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Biological Chemistry

Alfred Bader Award In Bioinorganic Or Bioorganic Chemistry

by Amanda Yarnell
February 11, 2013 | A version of this story appeared in Volume 91, Issue 6

Credit: Suzanne S. Cane
David E. Cane, chemistry professor at Brown University.
Credit: Suzanne S. Cane

Sponsored by the Alfred R. Bader Fund

Natural product biosynthesis expert David E. Cane nearly missed his calling. As a young graduate student in E. J. Corey’s lab at Harvard University, he turned down the opportunity to explore the biosynthesis of steroids in favor of focusing on organic synthesis. Luckily, a second chance materialized in the form of a postdoc with Duilio Arigoni, an expert in the biosynthesis of terpene natural products at the Swiss Federal Institute of Technology, Zurich (ETH).

Cane, now 68 and a chemistry professor at Brown University, says he was instantly hooked: “I wanted to know how nature does organic chemistry.”

Today, Cane is “one of the most accomplished and respected scientists in natural product biosynthesis in the world,” says fellow natural products expert Chaitan Khosla of Stanford University, a longtime collaborator of Cane’s. “Over the past three decades he has made seminal contributions to our understanding of how polyketides, terpenes, and vitamin B-6 are synthesized in microorganisms.”

But Cane’s influence has extended far beyond just these natural products. “The field of natural product biosynthetic chemistry has lately undergone a revolution as a result of the synergistic application of chemical and biological tools,” Khosla says. “Nobody has been more instrumental in setting the tone for this sea change than David E. Cane.”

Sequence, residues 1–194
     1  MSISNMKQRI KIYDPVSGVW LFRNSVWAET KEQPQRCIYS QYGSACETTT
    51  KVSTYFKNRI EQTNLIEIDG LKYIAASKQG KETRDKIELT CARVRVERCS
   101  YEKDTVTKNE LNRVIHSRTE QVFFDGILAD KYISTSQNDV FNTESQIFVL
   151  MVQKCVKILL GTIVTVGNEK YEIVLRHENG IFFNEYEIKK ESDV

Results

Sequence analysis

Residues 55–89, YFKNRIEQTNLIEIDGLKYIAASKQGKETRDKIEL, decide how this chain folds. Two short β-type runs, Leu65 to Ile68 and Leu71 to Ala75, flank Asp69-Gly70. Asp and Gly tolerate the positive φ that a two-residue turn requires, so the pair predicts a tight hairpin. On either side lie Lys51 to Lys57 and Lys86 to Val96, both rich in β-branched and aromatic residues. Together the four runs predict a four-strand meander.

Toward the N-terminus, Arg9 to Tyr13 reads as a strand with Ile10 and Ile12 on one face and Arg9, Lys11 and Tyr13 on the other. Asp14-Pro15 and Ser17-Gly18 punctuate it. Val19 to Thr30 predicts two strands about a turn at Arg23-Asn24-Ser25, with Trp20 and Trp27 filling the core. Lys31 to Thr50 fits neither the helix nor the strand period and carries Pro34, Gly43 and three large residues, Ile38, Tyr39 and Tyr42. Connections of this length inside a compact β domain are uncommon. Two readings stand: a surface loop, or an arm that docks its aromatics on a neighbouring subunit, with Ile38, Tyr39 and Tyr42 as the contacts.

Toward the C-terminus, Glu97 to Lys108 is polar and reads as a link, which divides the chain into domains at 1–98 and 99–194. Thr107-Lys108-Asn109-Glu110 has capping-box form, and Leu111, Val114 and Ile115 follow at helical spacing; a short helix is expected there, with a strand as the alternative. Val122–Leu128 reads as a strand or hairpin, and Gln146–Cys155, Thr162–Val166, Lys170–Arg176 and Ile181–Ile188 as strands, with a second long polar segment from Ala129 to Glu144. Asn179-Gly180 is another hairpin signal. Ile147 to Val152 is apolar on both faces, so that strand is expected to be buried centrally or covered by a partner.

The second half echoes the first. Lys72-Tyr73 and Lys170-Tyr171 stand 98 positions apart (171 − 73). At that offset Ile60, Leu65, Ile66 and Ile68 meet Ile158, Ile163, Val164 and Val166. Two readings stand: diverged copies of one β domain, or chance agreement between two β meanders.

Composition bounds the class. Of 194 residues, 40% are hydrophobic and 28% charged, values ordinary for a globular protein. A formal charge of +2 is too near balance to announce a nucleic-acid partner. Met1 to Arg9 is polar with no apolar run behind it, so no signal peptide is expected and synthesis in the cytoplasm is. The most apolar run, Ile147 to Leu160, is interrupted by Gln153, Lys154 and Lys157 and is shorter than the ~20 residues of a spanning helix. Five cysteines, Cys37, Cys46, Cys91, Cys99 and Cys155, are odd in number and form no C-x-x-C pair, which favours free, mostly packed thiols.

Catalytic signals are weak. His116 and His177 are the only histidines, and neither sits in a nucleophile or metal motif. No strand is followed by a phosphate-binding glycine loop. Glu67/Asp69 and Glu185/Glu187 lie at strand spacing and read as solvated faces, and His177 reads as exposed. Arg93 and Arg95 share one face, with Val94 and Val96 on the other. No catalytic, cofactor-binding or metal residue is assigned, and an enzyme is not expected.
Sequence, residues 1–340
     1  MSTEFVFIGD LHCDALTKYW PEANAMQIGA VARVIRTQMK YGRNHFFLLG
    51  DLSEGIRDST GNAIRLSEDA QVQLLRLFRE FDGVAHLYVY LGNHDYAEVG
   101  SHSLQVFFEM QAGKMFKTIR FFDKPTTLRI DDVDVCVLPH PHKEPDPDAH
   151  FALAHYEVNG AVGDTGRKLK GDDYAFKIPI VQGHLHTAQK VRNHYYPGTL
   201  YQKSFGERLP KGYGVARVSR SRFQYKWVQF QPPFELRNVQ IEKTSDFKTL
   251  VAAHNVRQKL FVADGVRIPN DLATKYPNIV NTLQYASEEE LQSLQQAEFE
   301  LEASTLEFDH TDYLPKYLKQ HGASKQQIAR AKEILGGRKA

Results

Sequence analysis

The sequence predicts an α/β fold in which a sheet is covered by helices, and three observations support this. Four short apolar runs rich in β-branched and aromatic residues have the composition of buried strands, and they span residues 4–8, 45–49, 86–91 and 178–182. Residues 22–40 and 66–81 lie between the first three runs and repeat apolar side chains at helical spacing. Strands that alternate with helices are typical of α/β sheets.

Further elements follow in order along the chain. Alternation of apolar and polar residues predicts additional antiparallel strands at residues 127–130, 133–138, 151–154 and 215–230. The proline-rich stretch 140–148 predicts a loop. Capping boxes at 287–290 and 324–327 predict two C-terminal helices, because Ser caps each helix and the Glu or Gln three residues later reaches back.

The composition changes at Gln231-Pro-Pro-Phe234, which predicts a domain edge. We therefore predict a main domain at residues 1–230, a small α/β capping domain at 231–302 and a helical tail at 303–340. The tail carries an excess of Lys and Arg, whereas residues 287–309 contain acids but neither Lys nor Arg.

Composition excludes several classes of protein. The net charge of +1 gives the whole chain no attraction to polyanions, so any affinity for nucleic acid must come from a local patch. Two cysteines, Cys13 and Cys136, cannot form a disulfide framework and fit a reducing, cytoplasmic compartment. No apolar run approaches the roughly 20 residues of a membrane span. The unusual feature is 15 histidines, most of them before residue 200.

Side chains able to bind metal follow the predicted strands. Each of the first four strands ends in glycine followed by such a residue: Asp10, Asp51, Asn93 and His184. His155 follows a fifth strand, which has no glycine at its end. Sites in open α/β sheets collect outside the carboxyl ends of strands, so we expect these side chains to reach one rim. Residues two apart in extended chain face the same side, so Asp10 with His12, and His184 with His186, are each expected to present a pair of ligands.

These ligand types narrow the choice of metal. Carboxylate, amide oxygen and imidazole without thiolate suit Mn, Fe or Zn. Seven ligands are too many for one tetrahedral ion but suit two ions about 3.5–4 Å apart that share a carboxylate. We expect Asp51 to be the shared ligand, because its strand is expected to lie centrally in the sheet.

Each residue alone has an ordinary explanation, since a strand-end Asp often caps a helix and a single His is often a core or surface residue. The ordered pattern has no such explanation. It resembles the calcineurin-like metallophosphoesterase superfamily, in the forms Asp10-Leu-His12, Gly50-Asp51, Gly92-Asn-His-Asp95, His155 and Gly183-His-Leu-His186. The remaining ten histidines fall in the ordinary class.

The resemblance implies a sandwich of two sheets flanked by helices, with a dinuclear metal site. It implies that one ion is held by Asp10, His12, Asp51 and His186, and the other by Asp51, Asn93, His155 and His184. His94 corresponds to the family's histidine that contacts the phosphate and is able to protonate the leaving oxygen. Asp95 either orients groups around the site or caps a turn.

Cane agrees the tools of his trade have changed dramatically since he got his start. In the early 1970s, scientists typically would feed a labeled precursor to an organism, see what the organism spit out and where the compounds were labeled, and then take an educated guess at what chemistry might have transpired.

As Cane began to build his lab at Brown, he championed the widespread utility of 13C nuclear magnetic resonance for biosynthetic investigations. Later he adopted recombinant DNA technology to make and customize enzymes involved in natural product biosynthesis; X-ray crystallography to better understand those enzymes’ structures; the tools of mechanistic enzymology to quench and dissect complex, multistep enzymatic reactions; and genomic sequencing methods to pinpoint the machinery that uncultured microbes use to make natural products.

Cane credits his many collaborators—including Khosla, Washington State University plant biochemist Rodney Croteau, and University of Pennsylvania crystallographer David W. Christianson—for helping him take advantage of these tools.

Cane’s collegiality was the key to those collaborations, colleagues note. Cane is quick to share information, reagents, and advice, says Salk Institute for Biological StudiesJoseph P. Noel, an expert in the evolution of plant metabolism. “He’s more concerned with learning something new rather than who finished first.”

A New York City native, Cane completed his bachelor’s, master’s, and Ph.D. degrees at Harvard. After a postdoc stint at ETH, he joined the faculty at Brown in 1973. Among his many other awards are the Ernest Guenther Award in the Chemistry of Natural Products, the Cope Scholar Award, and the Repligen Award in Chemistry of Biological Processes of the ACS Division of Biological Chemistry. But when asked about his most notable accomplishments, Cane points to coediting a 2003 book of letters his father sent his mother while serving in World War II, offering an eyewitness account of some of the most dramatic events of the war.

Cane will present the award address before the ACS Division of Organic Chemistry.


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